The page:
by James Eckert
Many statutes impose harsher penalties on a defendant who commits a crime
after he has been "convicted" of another crime. For example, a UUMV
conviction after a prior is more serious, the second DWI is a felony and so
on. Today, in People v Montilla, the Court of Appeals held that a
defendant is convicted, at least for some purposes, the day he pleads
A judgment of conviction is based on the date sentence has been
imposed. However, in order to sustain a conviction under PL 265.02(1) - CPW3, instead of CPW4, the Court of Appeals ruled that "conviction" meant only that the defendant had pled guilty, not that there was a judgment of conviction.
Therefore, after the defendant pled guilty, but before he was sentenced, he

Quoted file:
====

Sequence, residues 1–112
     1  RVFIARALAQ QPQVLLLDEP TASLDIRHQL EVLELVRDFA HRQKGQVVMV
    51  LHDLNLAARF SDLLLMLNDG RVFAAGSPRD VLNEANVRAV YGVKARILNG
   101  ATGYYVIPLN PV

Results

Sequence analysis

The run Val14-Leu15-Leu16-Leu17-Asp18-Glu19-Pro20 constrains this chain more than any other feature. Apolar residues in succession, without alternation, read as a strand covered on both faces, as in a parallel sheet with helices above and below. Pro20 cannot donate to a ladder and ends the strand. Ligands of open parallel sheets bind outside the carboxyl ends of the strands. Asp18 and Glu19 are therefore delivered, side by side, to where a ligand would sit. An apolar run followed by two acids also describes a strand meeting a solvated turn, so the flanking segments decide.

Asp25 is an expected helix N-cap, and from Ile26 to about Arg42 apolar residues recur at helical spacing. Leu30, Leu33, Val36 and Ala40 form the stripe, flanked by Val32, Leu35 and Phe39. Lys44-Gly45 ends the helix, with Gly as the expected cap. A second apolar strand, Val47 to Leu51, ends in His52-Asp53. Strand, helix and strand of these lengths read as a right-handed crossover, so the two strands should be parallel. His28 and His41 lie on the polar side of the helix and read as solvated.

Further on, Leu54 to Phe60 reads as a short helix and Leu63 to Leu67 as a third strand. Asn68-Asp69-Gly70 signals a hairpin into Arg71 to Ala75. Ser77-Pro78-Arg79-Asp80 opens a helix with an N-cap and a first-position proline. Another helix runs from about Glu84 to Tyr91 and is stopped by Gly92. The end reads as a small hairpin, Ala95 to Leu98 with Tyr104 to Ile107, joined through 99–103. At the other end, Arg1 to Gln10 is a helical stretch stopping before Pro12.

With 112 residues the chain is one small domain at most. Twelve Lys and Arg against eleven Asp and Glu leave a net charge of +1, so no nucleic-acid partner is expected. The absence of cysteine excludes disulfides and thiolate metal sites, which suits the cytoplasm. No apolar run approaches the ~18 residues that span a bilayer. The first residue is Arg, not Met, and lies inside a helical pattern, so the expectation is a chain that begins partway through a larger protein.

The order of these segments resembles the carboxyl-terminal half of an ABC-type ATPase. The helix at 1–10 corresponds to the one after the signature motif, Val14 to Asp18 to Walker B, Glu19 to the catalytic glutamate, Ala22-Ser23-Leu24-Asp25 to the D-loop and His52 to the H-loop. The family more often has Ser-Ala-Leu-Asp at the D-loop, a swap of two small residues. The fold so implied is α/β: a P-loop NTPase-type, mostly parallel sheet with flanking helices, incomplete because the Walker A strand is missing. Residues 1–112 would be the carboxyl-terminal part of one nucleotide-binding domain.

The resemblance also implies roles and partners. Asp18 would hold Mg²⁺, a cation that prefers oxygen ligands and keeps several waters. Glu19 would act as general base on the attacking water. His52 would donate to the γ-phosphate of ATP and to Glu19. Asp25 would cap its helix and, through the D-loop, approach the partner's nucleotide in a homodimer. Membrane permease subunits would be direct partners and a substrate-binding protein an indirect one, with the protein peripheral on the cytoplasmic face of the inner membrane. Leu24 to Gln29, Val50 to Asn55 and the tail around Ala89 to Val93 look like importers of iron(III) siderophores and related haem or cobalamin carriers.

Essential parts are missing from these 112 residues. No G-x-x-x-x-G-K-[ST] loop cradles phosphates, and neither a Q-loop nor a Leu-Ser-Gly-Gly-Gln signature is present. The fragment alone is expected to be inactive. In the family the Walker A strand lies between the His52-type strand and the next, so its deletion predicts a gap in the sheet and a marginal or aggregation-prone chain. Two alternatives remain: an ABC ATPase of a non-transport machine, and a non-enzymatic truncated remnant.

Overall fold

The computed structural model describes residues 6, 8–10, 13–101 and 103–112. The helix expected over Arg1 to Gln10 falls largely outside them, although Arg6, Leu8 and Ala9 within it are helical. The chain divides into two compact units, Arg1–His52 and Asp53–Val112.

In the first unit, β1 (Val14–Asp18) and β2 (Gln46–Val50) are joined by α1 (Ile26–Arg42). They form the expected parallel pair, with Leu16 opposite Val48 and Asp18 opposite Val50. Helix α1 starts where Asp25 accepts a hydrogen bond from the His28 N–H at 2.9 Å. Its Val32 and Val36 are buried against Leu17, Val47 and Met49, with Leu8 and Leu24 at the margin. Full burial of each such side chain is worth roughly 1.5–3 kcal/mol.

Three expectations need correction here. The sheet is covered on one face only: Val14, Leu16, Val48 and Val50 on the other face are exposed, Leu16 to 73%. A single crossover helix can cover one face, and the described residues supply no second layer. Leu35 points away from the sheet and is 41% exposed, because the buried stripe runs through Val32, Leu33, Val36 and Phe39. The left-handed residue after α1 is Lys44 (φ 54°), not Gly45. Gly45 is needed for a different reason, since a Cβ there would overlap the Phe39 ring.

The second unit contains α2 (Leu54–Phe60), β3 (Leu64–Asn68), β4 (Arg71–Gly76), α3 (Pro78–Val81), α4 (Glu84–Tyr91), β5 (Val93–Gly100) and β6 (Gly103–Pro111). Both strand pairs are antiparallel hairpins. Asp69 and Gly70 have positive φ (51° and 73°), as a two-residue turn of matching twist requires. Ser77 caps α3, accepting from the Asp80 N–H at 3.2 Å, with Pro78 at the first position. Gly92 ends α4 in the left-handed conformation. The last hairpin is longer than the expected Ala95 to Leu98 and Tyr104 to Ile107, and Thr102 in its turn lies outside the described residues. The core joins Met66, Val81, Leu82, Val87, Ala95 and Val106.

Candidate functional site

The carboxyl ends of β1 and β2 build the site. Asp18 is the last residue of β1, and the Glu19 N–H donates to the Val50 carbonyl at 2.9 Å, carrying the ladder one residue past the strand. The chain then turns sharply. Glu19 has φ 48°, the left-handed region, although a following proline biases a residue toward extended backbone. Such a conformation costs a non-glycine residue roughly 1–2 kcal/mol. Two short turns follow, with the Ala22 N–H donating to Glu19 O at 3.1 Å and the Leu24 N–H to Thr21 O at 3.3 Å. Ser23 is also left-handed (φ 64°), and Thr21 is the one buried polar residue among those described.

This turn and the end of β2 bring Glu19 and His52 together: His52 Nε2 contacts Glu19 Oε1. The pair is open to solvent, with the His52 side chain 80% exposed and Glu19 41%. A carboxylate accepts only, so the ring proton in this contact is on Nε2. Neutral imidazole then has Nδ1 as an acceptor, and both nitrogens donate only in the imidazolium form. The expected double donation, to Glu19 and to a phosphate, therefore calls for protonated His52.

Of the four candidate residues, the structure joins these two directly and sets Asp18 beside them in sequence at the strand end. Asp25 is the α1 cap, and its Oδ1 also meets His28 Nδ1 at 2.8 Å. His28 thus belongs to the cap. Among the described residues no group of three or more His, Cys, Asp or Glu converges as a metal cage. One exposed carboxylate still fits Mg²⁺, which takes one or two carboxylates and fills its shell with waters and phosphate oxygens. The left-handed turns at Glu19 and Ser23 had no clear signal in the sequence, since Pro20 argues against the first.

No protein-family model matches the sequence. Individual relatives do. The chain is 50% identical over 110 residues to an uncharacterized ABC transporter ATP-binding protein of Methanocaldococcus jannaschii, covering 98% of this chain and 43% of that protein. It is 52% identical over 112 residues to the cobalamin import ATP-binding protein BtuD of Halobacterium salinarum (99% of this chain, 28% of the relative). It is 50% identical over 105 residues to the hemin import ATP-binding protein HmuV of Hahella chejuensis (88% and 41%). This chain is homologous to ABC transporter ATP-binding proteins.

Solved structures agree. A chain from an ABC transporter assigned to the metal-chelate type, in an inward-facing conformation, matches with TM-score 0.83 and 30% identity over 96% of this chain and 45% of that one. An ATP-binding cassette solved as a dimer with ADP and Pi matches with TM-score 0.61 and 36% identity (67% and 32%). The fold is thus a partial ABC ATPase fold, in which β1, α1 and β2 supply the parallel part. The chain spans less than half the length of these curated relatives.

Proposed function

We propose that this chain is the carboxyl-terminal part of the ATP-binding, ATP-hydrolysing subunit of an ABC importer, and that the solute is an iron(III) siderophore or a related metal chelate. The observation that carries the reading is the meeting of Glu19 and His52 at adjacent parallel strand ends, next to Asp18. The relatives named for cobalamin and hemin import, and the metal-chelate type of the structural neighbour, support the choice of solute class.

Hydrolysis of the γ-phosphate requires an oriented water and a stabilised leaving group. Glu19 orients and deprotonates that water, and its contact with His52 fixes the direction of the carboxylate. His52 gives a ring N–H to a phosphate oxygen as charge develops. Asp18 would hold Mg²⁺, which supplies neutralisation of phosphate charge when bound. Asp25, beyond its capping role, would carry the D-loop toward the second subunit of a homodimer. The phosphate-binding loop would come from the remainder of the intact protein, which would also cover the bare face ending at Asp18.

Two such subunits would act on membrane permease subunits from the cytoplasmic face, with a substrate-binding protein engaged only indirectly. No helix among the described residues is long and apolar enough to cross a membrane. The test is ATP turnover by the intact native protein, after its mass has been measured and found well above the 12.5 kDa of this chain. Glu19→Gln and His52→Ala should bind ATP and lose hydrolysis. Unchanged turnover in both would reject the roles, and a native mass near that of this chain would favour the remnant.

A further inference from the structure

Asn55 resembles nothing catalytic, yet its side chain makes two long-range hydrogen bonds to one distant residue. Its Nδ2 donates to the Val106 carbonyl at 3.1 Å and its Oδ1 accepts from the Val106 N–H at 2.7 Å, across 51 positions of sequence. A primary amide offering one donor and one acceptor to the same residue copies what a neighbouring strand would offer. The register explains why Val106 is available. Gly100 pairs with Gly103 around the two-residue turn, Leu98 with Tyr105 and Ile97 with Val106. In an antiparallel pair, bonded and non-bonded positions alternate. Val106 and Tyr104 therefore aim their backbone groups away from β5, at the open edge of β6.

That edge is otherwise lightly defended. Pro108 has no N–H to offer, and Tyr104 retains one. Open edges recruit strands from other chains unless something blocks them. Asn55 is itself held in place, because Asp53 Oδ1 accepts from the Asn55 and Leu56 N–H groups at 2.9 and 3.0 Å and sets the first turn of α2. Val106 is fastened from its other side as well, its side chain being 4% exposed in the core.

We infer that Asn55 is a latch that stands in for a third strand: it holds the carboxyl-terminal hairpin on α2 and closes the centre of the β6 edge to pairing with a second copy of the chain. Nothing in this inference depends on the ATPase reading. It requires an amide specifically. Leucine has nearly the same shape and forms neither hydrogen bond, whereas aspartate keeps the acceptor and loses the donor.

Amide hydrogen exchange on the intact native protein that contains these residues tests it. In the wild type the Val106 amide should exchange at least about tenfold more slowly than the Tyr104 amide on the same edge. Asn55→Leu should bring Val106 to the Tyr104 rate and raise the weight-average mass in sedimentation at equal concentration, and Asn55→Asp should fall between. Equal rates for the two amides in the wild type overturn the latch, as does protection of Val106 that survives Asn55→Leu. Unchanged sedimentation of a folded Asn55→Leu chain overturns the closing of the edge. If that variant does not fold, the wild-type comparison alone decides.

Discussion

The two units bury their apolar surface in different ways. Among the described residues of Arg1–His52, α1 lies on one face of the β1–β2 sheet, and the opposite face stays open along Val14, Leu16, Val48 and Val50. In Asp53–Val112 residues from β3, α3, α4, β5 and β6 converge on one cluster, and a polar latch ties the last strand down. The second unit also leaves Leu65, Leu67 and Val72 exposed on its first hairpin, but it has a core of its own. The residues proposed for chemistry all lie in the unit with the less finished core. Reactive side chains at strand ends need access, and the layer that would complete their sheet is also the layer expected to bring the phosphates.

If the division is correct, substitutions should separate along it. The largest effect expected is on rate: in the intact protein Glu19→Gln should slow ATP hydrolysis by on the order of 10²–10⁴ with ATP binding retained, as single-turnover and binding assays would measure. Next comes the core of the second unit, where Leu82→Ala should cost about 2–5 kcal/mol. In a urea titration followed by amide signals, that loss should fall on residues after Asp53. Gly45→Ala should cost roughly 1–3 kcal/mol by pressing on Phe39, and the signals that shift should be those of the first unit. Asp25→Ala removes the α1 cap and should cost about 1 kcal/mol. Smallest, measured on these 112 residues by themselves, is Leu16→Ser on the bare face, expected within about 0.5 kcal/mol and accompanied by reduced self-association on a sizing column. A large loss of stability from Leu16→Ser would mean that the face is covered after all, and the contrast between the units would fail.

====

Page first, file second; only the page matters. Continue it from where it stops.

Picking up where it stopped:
stood "convicted" of the crime he pled to and was therefore subject to
harsher penalties for possession of a weapon.
The Court did point out that recidivist statutes require the imposition of
sentence to constitute a prior conviction, so Montilla does not support a
felony DWI charge the day after the defendant pleads to, but is not
sentenced for, a DWI. However, expect that the statute will be applied to
any other use of the term "convicted" where it is not absolutely clear that
the statute is for recidivists.